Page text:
History

The Robert E. Howard Museum: Did You Know a Texas Writer Created Conan the Barbarian?

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The Robert E. Howard Museum sits on the edge of Cross Plains, Texas, population 986. It’s the home of the late Robert E. Howard, the creator of numerous fantasy and western stories that are treasured and revered both in Cross Plains and across the world. Many of us are familiar with Conan the Barbarian, one of Howard’s signature creations, but few know that Howard grew up and wrote these iconic stories in Texas. The museum is a small house with a white picket fence around it, an old-fashioned front porch, and a sign on the front that says, “Dr. Howard,” referring to Robert E. Howard’s father, Dr. Isaac Howard.

The house that Howard lived in has been preserved and cultivated by Project Pride, a local civic organization of Cross Plains. Inside are displays of the books Howard read, period-appropriate furniture and decorations, a replica of Howard’s typewriter, medical paraphernalia that belonged to his father, and old letters and manuscripts written in Howard’s own hand.

The Robert. E. Howard Museum: Texas' Greatest Literary Treasure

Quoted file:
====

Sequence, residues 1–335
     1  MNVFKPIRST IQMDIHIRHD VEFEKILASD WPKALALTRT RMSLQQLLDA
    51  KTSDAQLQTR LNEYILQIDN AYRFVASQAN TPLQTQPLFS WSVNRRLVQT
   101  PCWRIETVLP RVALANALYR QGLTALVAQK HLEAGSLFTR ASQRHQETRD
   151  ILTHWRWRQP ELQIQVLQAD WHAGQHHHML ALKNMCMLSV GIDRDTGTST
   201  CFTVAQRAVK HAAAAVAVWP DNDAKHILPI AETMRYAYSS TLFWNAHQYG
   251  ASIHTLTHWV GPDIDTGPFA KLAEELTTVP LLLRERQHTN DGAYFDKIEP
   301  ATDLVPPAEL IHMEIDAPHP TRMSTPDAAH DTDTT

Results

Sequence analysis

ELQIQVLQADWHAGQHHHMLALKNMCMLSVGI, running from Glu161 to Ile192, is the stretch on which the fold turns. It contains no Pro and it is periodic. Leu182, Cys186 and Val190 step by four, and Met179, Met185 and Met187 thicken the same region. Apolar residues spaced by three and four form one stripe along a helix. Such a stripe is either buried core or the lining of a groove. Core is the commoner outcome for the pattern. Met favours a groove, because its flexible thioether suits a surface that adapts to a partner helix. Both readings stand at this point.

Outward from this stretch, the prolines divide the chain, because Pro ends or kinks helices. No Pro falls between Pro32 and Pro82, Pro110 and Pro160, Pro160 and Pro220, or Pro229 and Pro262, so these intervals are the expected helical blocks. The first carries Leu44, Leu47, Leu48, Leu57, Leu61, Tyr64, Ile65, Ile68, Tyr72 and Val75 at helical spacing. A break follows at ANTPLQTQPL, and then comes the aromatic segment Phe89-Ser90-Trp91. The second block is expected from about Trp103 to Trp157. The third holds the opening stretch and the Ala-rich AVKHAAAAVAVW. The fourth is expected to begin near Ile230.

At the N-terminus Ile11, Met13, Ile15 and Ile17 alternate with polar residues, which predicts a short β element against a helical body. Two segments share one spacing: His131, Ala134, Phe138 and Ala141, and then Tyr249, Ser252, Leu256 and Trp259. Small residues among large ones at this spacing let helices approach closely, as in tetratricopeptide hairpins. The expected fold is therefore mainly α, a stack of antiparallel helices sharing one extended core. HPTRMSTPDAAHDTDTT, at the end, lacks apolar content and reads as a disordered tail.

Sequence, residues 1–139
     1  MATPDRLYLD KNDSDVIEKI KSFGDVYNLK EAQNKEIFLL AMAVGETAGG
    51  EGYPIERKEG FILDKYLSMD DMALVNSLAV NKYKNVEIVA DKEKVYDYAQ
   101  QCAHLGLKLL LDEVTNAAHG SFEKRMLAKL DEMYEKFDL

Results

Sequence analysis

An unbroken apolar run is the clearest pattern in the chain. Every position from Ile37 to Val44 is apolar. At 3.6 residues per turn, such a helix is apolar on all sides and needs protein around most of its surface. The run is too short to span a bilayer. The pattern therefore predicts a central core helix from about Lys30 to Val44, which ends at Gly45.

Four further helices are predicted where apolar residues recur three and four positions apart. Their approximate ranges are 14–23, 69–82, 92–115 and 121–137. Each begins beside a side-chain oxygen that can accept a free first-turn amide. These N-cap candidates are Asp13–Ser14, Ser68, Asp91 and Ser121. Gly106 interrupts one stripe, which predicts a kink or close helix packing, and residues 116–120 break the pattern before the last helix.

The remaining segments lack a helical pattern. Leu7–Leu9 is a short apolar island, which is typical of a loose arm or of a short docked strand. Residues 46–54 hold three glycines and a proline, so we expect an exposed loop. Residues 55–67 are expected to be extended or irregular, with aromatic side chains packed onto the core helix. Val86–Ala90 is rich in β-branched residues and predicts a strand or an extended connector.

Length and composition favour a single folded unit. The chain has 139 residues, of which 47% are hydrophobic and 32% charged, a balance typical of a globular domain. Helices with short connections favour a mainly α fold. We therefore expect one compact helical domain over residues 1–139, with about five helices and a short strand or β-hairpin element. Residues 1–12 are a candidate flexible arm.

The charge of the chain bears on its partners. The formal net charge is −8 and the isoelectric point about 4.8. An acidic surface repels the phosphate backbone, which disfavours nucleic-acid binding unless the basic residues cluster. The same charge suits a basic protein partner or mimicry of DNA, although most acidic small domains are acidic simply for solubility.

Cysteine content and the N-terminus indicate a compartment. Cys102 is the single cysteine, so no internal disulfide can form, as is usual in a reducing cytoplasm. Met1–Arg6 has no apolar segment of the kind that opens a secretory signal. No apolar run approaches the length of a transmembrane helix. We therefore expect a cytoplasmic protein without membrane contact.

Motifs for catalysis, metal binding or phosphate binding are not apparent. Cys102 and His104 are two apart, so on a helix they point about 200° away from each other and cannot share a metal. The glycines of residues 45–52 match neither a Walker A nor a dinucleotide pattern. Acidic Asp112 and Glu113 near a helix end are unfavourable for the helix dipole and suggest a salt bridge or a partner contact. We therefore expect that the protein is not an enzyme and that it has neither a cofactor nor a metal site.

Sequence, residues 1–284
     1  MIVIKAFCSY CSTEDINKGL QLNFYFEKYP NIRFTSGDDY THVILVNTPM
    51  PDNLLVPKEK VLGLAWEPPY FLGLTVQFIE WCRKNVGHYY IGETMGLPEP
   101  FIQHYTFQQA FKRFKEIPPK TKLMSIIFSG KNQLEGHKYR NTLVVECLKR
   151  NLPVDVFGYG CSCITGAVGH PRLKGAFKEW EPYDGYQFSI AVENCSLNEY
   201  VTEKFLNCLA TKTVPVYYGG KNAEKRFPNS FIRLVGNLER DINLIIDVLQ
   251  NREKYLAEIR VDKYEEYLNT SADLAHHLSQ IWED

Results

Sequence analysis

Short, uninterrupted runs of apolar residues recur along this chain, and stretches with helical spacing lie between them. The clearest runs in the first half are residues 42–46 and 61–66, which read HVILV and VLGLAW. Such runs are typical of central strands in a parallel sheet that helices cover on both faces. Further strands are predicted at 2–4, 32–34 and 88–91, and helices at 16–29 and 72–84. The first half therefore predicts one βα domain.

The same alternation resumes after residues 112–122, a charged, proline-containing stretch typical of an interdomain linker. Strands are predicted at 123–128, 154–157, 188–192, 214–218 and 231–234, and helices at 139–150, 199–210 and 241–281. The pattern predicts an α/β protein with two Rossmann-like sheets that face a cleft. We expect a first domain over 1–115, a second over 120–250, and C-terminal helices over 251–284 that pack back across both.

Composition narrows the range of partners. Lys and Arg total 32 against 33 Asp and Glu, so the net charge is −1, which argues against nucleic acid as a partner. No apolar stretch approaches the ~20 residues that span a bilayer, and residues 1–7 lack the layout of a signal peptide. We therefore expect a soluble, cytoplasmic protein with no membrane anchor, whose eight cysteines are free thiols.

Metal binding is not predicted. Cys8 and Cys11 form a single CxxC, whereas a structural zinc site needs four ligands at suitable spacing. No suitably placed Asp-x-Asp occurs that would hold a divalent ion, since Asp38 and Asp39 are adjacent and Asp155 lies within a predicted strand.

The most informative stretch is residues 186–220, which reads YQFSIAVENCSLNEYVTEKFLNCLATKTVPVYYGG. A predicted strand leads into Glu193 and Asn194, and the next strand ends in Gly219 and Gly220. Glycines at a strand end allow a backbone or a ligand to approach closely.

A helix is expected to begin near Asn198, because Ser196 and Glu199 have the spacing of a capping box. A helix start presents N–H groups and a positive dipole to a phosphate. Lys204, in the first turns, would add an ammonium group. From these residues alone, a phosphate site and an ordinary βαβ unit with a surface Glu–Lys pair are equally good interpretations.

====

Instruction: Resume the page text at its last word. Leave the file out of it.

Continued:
Photo: Anna Hedges

Besides Conan the Barbarian, Robert E. Howard is known for Solomon Kane, a Puritan adventurer seeking to rid the world of evil, and Kull of Atlantis. Although best known for his contribution to the sword and sorcery genre, Howard was also a proficient horror writer, western writer, and boxing writer. His first western novel, A Gent from Bear Creek, was published posthumously in 1937 by combining various western stories that Howard wrote. The titular story was published in 1934 and was one of many episodes featuring Breckinridge Elkins, one of Howard’s most popular western characters. He began writing as a teenager and wrote constantly until his sudden death in 1936.

The Robert. E. Howard Museum: Texas' Greatest Literary Treasure
Wikimedia Commons

Howard’s writings are celebrated each year on the second weekend of June. Cross Plains hosts Howard Days, a two-day extravaganza featuring free tours of the museum and grounds, panels by Howard scholars, viewing of Howard’s original manuscripts at the Cross Plains library, and a porchlight poetry reading. Almost the entire event is free, supported by Project Pride, the Robert E. Howard Foundation, and donations from fans. This year, waiting in line for the barbeque, we found ourselves among Howard fans and scholars from all around Texas, California, New York, Ireland, and Japan.

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